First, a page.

Phil Sheridan: Andy Reid and his Michael Vick obsession

Michael Vick has thrown for three touchdowns this season. (Ron Cortes / Staff Photographer)
Michael Vick has thrown for three touchdowns this season. (Ron Cortes / Staff Photographer) (Gerald Gaul)
Posted: September 26, 2010

It may be as simple as this. Michael Vick just may be Andy Reid's midlife crisis.

Consider: In his 12 seasons as head coach of the Eagles, Andy Reid has made three major decisions that seemed completely out of character. Two of the three involve Vick: signing him in August 2009, then naming Vick the starting quarterback after he managed the task of beating the Detroit Lions last Sunday.

(The other, for those keeping score at home, was the pursuit of Terrell Owens back in 2004. That was mold-breaking for two reasons. Reid hadn't previously acquired a player with Owens' track record for disrupting a team, and he hadn't previously shown interest in a wide receiver who could actually play.)

This can't be coincidence. A man as steadfast and stolid as Reid doesn't suddenly go bonkers and start making rash decisions for no apparent reason. Clearly, there is something about Vick that drives the coach from his well-established approach. Reid is obviously obsessed with the enigmatic, talented, and troubled quarterback.

Captain Andy and Moby Vick.

Two factors are in play here. Reid the coach sees a uniquely skilled player whose full potential had not been reached in six seasons with the Atlanta Falcons. Reid the man sees a troubled individual who is, like Reid's own sons, trying to overcome the consequences of his own poor judgment and reprehensible behavior.

There is selfishness and selflessness. It is pure coaching ego to want to succeed where others have failed. If he can get Vick to harness those breathtaking physical skills and to dedicate himself to being a student of the game, Reid will add another line to his impressive resume. If he can help Vick find redemption after the sick behavior that landed him in federal prison, then so much the better. That transcends even pursuit of the almighty Lombardi trophy.

The big question is whether this obsession with Vick has warped Reid's judgment and knocked his own moral compass off true north. That question, alas, is going to take more than 60 minutes in Jacksonville or even a whole NFL season to be answered definitively. It is going to depend on Vick's performance on the field and the way he handles himself off the field - especially after the incentive of earning his next contract has been removed.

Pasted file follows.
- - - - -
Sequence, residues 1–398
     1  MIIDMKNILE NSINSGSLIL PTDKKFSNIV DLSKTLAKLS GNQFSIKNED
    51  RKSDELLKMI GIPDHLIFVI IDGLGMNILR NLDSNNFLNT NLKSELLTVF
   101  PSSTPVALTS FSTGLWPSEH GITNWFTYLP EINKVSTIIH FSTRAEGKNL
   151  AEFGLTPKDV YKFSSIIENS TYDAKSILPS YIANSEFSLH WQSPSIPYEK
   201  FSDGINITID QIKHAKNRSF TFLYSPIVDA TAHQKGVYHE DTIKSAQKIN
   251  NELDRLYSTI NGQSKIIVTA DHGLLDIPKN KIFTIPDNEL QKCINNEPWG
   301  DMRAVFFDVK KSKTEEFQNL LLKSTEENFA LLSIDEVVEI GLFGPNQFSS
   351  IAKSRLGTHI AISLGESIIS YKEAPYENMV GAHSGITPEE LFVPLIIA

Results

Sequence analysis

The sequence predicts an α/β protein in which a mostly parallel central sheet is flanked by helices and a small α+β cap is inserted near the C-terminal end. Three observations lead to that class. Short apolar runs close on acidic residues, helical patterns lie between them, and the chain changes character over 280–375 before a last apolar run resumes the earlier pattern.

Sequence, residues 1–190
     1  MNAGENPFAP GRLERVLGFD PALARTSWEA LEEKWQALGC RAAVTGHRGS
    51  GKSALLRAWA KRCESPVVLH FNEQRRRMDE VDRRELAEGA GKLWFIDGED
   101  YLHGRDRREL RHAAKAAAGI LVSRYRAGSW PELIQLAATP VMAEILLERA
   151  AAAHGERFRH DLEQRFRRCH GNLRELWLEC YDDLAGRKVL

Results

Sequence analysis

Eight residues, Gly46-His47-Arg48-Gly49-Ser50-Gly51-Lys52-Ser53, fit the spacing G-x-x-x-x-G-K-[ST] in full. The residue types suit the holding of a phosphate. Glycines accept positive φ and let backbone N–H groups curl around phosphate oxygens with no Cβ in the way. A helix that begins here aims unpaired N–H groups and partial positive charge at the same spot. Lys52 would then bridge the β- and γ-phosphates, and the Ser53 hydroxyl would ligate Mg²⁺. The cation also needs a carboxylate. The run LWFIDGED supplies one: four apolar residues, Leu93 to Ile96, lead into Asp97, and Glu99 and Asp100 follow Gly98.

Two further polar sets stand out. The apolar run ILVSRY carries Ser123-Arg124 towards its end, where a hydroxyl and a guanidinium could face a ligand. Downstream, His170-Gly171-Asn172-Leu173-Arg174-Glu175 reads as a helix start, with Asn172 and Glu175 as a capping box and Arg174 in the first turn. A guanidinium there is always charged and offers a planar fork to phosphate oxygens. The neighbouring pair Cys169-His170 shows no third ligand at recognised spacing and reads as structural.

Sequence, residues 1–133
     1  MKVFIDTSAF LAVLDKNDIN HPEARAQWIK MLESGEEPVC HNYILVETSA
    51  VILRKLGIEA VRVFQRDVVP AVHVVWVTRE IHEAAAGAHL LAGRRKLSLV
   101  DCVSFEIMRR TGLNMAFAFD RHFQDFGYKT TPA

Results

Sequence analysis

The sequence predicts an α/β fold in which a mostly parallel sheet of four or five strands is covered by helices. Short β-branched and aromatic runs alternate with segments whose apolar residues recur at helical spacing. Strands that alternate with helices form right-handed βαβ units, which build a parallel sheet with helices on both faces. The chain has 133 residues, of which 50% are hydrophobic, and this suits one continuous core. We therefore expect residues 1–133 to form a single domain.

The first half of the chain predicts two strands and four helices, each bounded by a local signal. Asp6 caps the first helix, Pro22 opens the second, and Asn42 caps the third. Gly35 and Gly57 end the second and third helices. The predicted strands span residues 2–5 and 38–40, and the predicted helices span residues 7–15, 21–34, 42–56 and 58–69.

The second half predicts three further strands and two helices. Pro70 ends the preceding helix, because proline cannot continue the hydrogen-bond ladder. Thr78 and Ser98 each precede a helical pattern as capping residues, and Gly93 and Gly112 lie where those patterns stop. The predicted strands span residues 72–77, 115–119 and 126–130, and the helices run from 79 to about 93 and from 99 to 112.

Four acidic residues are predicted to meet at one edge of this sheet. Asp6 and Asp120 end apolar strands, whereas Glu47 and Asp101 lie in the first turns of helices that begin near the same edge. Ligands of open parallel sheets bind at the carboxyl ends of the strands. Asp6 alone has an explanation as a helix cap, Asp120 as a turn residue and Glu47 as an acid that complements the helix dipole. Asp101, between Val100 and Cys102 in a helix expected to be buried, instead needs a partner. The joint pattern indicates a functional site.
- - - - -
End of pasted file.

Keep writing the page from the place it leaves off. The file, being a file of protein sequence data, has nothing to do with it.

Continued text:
The early signs are worrisome.

There was a whiff of organizational denial in the way the Eagles handled Vick's role in the doomed birthday party that ended in a shooting in June. Vick and everyone else acknowledged it was "poor judgment" for a man with no margin for error to stage such an event. The Eagles' lack of curiosity about that night was profound: They saw and heard what they wanted to see and hear, in order to be proven right about Vick.

In that same vein, Reid has found himself on the wrong side of the line between truth and falsehood an awful lot lately. Most recently, he told multimedia figure Peter King on Tuesday that one reason for going with Vick was the fear that Kolb would be "crucified" if he was anything short of perfect. In his Friday news conference, Reid denied saying it. Later, he sent PR director Derek Boyko down to tell reporters that Reid did indeed say it.

It was an embarrassing and petty episode, but it raised a larger issue. You don't normally feel the need to lie and spin and backtrack if you're doing the right things the right way. It is when you start having to rationalize and explain mistakes that those tools become useful.

Besides, if Kolb was in such a precarious position, it was Reid who placed him there by anointing him a starter, trading Donovan McNabb, making Kolb play with Vick taking a percentage of snaps and assembling a wobbly offensive line.

When you look at it straight on, Reid essentially replaced McNabb - the consummate face-of-the-franchise, good-citizen QB - with Vick, who was recently voted the most despised athlete in all of sports. It is a move that would have been unthinkable 14 months ago and that was accomplished by gradual steps.

Sign Vick, absorb the public-relations flak. Manage Vick, McNabb, and Kevin Kolb through the 2009 season. Trade McNabb, with Kolb serving as a kind of Trojan horse. Spring Vick on everyone as the starter.

It might not have been planned this way, but that's the net result.

So Reid has the object of his obsession starting at quarterback. The move comes with enormous risk. Reid will look ridiculous if Vick reverts to his old freelancing ways, or if he struggles when he faces effective defenses that are designed to contain and frustrate him. If Vick fails off the field, before or after signing his sure-to-be enormous next contract, Reid will look worse than ridiculous.

He has put much more than a football in Vick's hands.

Contact columnist Phil Sheridan at 215-854-2844 or Read his recent work at

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